When Pactics designed and built our new state-of-the-art facility in Siem Reap, we were excited to be able to offer fair and competitive employment opportunities to the local community. We received many applications, and were able to quickly fill the majority of positions.
There were, however, a few roles that weren’t quite so easy to fill. Specifically we needed technically-minded people to manage the maintenance of our equipment and the development of our automation projects, but we simply couldn’t find anyone to fit the bill.
While there are numerous higher education centres in Siem Reap there is currently nowhere offering technical training or engineering education. However we discovered that such training is available as the National Polytechnic Institute of Phnom Penh.
We could have approached the Institute and enquired about gifted recent graduates who might be willing to move to Siem Reap, and this is indeed something we considered. However we knew this didn’t fit in with our vision for our factory in Cambodia; we purposely chose to base ourselves in Siem Reap so that we could offer jobs to people from this area, meaning they no longer needed to leave their families and travel to find work.
At Pactics we strongly believe in the importance of nurturing our staff and supporting capacity building, so we decided to support the technical education of students native to Siem Reap.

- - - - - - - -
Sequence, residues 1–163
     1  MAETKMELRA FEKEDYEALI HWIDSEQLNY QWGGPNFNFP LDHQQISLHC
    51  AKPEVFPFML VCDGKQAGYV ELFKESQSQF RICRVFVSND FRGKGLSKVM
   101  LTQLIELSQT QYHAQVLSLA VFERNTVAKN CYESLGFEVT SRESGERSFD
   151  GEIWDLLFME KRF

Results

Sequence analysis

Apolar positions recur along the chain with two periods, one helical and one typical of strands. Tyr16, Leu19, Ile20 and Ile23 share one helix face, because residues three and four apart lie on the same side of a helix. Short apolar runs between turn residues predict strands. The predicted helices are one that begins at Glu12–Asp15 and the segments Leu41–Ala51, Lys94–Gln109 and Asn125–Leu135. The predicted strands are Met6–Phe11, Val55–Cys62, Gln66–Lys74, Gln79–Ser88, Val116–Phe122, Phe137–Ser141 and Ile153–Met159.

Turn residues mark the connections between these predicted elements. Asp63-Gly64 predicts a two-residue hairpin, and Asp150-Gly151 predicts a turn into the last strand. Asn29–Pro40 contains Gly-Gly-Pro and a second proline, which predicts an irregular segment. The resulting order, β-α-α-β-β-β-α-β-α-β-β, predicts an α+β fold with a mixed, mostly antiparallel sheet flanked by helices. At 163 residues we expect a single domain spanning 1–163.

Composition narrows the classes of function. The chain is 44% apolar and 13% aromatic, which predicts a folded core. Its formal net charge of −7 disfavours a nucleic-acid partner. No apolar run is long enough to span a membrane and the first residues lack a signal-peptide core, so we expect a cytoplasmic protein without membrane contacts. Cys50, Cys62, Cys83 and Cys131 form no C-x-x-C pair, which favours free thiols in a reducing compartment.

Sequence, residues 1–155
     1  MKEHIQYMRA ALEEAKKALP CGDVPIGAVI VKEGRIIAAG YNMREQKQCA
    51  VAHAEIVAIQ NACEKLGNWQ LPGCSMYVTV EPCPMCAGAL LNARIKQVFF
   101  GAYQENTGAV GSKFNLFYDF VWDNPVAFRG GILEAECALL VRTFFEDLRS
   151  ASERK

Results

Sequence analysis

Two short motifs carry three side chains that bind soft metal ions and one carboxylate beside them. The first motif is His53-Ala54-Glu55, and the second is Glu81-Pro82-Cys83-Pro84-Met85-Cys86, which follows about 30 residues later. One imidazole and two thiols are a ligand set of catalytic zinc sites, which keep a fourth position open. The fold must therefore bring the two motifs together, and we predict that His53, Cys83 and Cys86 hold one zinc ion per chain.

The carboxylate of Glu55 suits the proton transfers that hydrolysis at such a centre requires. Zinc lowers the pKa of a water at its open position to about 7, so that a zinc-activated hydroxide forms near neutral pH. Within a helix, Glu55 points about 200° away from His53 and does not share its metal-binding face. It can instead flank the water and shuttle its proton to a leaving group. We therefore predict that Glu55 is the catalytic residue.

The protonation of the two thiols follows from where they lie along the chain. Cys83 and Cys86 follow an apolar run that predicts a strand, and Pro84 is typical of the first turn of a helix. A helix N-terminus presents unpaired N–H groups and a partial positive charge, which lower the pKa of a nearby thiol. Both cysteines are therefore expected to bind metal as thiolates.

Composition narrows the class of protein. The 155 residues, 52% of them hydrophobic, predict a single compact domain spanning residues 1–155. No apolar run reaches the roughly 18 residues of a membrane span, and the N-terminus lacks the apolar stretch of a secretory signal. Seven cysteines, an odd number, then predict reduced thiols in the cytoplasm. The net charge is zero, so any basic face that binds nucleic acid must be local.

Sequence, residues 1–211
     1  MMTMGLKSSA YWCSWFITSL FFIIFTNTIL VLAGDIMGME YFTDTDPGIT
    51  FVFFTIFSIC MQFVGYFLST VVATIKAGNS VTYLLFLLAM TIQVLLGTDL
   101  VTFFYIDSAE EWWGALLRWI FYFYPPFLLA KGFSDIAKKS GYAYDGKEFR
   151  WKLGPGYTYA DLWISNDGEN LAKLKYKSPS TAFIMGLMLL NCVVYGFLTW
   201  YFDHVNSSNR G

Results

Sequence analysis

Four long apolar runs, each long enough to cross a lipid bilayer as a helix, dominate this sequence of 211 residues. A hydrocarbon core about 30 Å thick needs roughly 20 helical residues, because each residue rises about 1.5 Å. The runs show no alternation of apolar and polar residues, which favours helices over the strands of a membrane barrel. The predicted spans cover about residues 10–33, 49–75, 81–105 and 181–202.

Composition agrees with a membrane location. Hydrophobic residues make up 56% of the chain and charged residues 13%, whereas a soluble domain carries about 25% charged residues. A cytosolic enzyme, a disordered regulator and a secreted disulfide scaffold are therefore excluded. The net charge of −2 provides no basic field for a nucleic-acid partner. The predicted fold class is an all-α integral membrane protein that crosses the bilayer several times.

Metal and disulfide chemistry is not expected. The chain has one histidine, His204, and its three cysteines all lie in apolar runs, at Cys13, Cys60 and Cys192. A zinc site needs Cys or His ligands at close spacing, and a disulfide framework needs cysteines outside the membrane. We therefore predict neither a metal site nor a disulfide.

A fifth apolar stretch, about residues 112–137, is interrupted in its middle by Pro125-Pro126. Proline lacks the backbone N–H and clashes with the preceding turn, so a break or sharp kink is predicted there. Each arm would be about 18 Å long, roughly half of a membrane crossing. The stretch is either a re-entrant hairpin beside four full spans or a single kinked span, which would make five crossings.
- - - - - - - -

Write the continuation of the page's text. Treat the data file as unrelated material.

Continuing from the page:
To do this we partnered with the Ponheary Ly Foundation, an incredible local non-profit organisation that makes it possible for thousands of young people in rural Cambodia to complete their education up to grade 12. They were able to recommend two motivated grade 12 students who were especially talented in maths and science, both of whom just happened to be girls.
When we met Huonh and Phour they were preparing to begin a course that in Cambodia is considered appropriate for their gender, but didn’t fit with their skills or interests. We offered to sponsor their studies at the National Polytechnic Institute in Phnom Penh, and at the end of their degree they would both have jobs at the Pactics factory in Siem Reap.
Both Huonh and Phour were thrilled by the idea, although enrolling them into the Institute wasn’t as straight-forward as we’d hoped! It turned out that they were the first two women in Cambodia to ever attempt to enroll on this course, and the Institute wasn’t initially sure that it was a good idea.
However with much support from the Ponheary Ly Foundation, Huonh and Phour convinced the Institute they were certain this was the path for them, and are now busy studying technical courses in Phnom Penh. We are incredibly proud to report that they are currently ranked numbers 1 and 2 in their class, proving that if the boys can do it, the girls can do it too!